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Japanese teapots

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Although tea was imported to Japanese territory in the 8th century, the production of teapots did not become widespread until the 1100s. It originated in the town of Mizusawa (now Oshu) when the samurai Fujiwara no Kiyohira acquired a cast iron furnace and made it thanks to this city. This event marks the beginning of a large production of cast iron teapots in northern Japan.

Cast iron teapots

Although the know-how required to make cast iron teapots came from China, it was mainly Japan that perfected this craft over the centuries. He also made it a fairly important part of his own culture by cultivating black teas or green teas such as matcha or sencha on numerous lands.

As seen in the introduction of Japanese teapots, it was the samurai Fujiwara no Kiyohira who allowed the development of teapot production in the 12th century. However, it was not until the 15th century that the production of teapots increased significantly. This is due to the arrival of the tea ceremony in Japan, an event which drastically increased tea consumption in the country and therefore the number of teapots needed to consume it. The increase in the number of Japanese tea lovers also increased thanks to the highlighting of the benefits of tea and its many medicinal properties and virtues.

The production of Japanese cast iron teapots experienced a second boost in the 17th century under the leadership of Prince Nanbu who also created his own collection of personal teapots. Other villages will gradually adopt this know-how such as Yamagata, Shiga, Osaka, Takaoka and many others.

If Japan has excelled in the production of teapots it is also because it has very large productions of Satetsu on its land, which is none other than the iron filings which are used in the manufacture of cast iron teapots. . Satetsu is also used to make the famous samurai swords.

The benefits of using a cast iron teapot

The main advantages of using a cast iron teapot to boil your tea and then enjoy it comes from the reaction between water and iron. When the water comes into contact with the cast iron it will be enriched with iron and subsequently the tea will take on a particular flavor which is also very beneficial for preventing iron deficiency. Then all you have to do is enjoy your delicious beverage in your cup of tea after infusing it.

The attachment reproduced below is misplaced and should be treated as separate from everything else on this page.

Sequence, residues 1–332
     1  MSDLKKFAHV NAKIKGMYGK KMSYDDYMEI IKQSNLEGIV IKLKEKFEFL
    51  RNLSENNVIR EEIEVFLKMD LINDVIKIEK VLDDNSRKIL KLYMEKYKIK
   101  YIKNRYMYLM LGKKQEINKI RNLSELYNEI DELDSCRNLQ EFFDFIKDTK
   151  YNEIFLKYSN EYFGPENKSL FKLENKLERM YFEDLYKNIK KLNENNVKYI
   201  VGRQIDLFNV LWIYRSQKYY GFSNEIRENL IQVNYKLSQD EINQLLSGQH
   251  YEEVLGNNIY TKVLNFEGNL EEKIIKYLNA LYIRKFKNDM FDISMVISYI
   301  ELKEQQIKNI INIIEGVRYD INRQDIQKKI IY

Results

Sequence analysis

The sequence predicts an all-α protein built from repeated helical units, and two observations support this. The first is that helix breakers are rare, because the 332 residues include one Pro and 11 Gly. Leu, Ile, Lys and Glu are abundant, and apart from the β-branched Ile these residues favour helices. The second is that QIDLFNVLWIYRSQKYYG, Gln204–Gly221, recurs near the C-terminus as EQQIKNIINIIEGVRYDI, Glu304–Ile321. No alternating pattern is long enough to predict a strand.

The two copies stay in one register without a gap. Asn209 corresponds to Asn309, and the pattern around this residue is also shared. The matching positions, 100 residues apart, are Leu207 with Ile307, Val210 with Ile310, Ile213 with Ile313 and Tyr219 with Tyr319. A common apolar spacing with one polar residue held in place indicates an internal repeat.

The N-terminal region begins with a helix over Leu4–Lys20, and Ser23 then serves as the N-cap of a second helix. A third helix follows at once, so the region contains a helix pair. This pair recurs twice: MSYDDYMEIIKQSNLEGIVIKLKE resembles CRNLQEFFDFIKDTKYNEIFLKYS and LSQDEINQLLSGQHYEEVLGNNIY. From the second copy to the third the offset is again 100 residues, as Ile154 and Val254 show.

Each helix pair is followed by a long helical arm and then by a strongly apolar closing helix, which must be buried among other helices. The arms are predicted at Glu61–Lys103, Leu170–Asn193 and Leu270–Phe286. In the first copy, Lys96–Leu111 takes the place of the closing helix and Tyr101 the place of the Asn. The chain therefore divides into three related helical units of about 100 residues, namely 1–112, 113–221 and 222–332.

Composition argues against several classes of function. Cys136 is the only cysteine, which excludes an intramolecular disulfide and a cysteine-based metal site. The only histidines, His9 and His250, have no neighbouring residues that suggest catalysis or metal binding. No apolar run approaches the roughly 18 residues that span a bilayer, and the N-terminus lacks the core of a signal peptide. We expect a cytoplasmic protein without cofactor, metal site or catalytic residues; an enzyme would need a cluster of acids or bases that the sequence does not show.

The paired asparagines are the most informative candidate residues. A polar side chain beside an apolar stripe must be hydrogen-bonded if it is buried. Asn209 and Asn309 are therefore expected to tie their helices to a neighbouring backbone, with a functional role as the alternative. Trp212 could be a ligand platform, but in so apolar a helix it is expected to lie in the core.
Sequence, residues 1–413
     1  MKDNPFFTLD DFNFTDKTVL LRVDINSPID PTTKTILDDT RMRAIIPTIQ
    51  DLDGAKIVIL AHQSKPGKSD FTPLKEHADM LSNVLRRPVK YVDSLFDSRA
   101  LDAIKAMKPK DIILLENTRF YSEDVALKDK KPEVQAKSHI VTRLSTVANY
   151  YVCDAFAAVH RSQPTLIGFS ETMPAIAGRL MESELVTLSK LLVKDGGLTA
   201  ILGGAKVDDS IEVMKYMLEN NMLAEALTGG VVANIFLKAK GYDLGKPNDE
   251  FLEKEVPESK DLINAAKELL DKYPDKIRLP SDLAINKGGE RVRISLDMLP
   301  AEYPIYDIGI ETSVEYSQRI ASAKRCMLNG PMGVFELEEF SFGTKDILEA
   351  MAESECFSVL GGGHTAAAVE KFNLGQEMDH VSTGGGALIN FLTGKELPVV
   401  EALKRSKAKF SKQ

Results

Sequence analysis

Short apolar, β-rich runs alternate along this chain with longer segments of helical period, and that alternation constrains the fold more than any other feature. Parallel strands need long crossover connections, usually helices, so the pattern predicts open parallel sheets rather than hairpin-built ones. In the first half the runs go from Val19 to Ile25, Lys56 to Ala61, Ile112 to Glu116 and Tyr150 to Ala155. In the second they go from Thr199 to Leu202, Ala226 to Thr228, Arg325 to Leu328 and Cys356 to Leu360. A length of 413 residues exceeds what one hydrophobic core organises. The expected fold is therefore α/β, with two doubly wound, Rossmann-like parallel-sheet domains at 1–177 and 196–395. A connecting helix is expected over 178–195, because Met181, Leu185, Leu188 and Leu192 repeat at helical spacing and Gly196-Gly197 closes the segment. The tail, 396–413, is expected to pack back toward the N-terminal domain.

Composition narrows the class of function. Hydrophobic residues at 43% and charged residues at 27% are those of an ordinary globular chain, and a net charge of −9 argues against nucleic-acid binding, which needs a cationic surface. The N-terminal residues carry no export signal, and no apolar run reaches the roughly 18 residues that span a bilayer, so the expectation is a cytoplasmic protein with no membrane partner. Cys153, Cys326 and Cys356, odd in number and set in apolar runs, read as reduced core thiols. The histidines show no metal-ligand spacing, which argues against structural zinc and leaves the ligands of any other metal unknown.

Kyusus teapots

It is quite natural to think of cast iron teapots when we talk about Japanese teapots or Japanese green tea. However, as surprising as it may seem, cast iron teapots were not the most popular teapots for tea drinking in Japan. It was the clay kyusus that were used the most, a type of teapot reserved for infusing green teas in order to keep all the freshness of their fragrant aromas.

Just like those made of cast iron, they originate from China but their craftsmanship was perfected in Japan. They are composed solely of clay and the most qualitative are those produced in the volcanic regions of Japan because the mineralization of the water is better there. Thus the best kyusu are those of the city Tokoname, followed closely by those of Bizen, Shigaraki, Tamba, Seto and Echizen.

Kyusus nevertheless have a smaller capacity than cast iron teapots and are generally modeled with the handle on the side (called yokodé kyūsu ), placed at 90° to their pouring spout. However, kyusus can take two other forms. They can have the handle placed on the back (then called ushirodé kyūsu ), but also have a handle ( uwadé kyūsu ) in the same way as traditional Japanese cast iron teapots.

The benefits of using a clay kyusu

When the volcanic clay comes into contact with hot water and tea leaves, because it is highly mineralized, a reaction will take place and give a unique flavor to the tea. This is even different than that found with cast iron teapots. It's all a question of taste. 🍵

How to choose your Japanese teapot?

After having seen the main teapots that were used during feudal Japan we want to give you some advice on choosing your teapot. Indeed, generally speaking, as well as in our own collection of Japanese teapots, we can only see that there is no shortage of choice. While in the past you just had to choose between kyusu and cast iron teapot, today new materials such as glass or even silver have appeared and therefore it is not always easy to make your choice.

As for the material, we have already seen previously the main advantages that could be there, such as having good thermal conductivity as well as preventing iron deficiencies for cast iron teapots or even have a particular flavor to green tea in the clay one. When it comes to shape, color or even patterns it will mainly come down to your own personal taste. Do you prefer to give a little modernity to your tea break by drinking it from a porcelain, ceramic or glass teapot or perhaps you are of the old school and prefer to drink tea according to tradition in a cast iron teapot or a kyusu? Only you can find the answer because it is simply a matter of taste. Especially since tea is above all a detox drink with a tasty taste but above all a personal drink because preparing tea is an opportunity to have a little good time before tasting the tea that suits us, that these are black tea, red tea, white tea or even earl gray tea. In any case, if you properly store your bag or grams of tea in a tea box you will have no trouble fully enjoying its flavors and consequently your tasting moment.

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